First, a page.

browser icon
You are using an insecure version of your web browser. Please update your browser!
Using an outdated browser makes your computer unsafe. For a safer, faster, more enjoyable user experience, please update your browser today or try a newer browser.

Is panda PR a good idea?

Posted by on October 30, 2012

Rebecca Nesbit, Society of Biologyby Rebecca Nesbit, Press Officer, Society of Biology

Panda conservation is not ‘greenwash’ read the headline of BBC Nature’s thought-provoking write-up of the Biology Week debate ‘should we save the panda’. This referred to the evening’s extensive discussion about the use (and misuse) of pandas in conservation PR.

Whether or not you think it is important to make popular animals a conservation priority, the belief that pandas attract more conservation resources than they use is a common reason for voting that we should indeed save the panda. As poster boys, charismatic species can attract money and increase the profile of conservation (and conservation organisations).

It is surprisingly complicated to determine whether, overall, the panda brings in more money for conservation than it uses. Zoos raise money for conservation in the wild, but would people who paid for entry into a zoo still come if there were no pandas to see? How would people who make donations towards conservation of pandas spend the money otherwise? Is our marketing of pandas in order to attract funds just perpetuating the need to use large mammals as poster boys?

Keeping two pandas in Edinburgh Zoo costs the Royal Zoological Society of Scotland around £700,000 per year (£636,000 a year to the Chinese government and £70,000 a year on bamboo). Of the money paid to the Chinese government, around 70% goes directly to panda reserves, and so protects valuable habitat. What could perhaps have been better for biodiversity, however, is spending all that money on protecting forests in the most biodiverse areas of the world. But does seeing a panda in the zoo encourage people to see the importance of saving endangered species? Money isn’t all that is at stake.

Even if pandas do bring in more money than their conservation costs, which seems very likely although I have never seen hard evidence of this, using them in PR can be dangerous. Advertising the success of panda breeding programmes could be greenwash, detracting from much larger problems. But then, isn’t that true of any conservation or environmental success?

The debate revealed the importance of economics and social science in conservation strategy. It raised many questions and, as always, I would love to hear different views on the issues. I have already blogged about the importance of saving charismatic species and produced a podcast on conservation ethics.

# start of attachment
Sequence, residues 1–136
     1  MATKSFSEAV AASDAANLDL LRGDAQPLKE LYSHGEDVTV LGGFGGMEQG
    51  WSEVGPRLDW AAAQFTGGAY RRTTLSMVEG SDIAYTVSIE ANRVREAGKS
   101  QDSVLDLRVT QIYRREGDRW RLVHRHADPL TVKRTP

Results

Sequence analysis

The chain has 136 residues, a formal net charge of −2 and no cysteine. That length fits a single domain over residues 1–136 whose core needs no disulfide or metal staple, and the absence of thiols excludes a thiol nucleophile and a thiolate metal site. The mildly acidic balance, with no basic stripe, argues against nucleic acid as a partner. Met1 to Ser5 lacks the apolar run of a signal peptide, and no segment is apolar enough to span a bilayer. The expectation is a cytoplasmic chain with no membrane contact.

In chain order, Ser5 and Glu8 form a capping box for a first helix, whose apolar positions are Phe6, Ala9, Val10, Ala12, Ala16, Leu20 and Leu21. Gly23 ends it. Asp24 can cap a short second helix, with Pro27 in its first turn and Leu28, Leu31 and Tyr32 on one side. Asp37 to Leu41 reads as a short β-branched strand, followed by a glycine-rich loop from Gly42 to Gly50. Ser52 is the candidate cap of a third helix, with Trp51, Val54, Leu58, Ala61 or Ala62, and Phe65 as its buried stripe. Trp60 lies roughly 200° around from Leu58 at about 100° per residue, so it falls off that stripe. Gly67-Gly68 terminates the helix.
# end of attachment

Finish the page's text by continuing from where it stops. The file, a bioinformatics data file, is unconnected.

2 Responses to Is panda PR a good idea?

  1. Robert Close

    Interesting point here (for me at least) is that only 70% of the money paid to China by other countries with Pandas in their Zoos goes directly to the Panda reserves.
    Where then does the remaining 30% go?
    Of Edinbrough Zoo’s £636K a year paid to China, nearly £191K will not be spent on the Panda reserves. That is a huge lump of cash, especially when you consider how many other Pandas in other zoos around the globe are raking in similar amounts for China. Good work if you can get it!
    Is it in China’s best interests then that the Panda remains a species under threat?
    Would the zoos that currently house Pandas around the world continue with the Rent-a-Panda scheme if these animals were in abundance?
    Are China holding the rest of the world to ransome over their Pandas – If we want to save them then we have to pay for them…?

  2. Nigel Atkinson

    Whilst I can see the argument that money may be spent better elsewhere, The fact remains that cute fury animals attract a fence sitting public to give up hard earned cash.
    Advertising the success of the breeding programme (Which may or may not be greenwash) to my mind it is good PR, making people feel that they are making a difference, which may in turn get them to put their hand in their pocket a second time.
    I see any positive PR as a good thing. People need to have the hope that things can be turned around, success stories have a role to play. Keep on hitting people over the head with bad news and they loose interest, and take their money elsewhere. WWF have built a whole conservation movement on the face of the Panda. I wonder if they would have done so well if they had used a reptile as an emblem.